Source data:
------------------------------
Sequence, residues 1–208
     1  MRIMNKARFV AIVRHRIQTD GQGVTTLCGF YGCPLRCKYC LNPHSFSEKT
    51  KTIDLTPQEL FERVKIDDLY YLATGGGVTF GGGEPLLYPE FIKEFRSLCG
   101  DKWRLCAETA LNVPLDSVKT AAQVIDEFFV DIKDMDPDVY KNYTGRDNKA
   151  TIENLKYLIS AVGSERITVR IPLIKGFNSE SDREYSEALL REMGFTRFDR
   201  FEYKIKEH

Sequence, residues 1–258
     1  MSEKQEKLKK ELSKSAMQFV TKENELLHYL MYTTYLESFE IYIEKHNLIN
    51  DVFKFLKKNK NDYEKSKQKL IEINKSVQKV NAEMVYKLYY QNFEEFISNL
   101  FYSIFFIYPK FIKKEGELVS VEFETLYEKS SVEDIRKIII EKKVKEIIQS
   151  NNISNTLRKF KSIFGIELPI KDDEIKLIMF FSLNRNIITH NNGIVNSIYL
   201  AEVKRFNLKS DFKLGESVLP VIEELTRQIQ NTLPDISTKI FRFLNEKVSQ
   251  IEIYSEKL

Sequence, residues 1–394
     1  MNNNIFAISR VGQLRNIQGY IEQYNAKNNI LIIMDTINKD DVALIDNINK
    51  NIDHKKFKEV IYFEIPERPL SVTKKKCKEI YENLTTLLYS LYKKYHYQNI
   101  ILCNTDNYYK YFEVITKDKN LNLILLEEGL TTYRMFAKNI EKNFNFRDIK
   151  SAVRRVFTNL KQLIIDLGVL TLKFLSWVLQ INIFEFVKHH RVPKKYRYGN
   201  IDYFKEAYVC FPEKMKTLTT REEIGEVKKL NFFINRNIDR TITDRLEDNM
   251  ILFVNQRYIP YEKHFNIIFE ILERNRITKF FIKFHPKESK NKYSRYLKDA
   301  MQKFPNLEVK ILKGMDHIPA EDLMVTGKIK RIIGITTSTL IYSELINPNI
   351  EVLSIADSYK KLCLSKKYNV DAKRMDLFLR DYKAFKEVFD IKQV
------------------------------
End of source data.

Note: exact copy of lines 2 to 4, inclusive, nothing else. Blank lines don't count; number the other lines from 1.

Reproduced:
     1  MRIMNKARFV AIVRHRIQTD GQGVTTLCGF YGCPLRCKYC LNPHSFSEKT
    51  KTIDLTPQEL FERVKIDDLY YLATGGGVTF GGGEPLLYPE FIKEFRSLCG
   101  DKWRLCAETA LNVPLDSVKT AAQVIDEFFV DIKDMDPDVY KNYTGRDNKA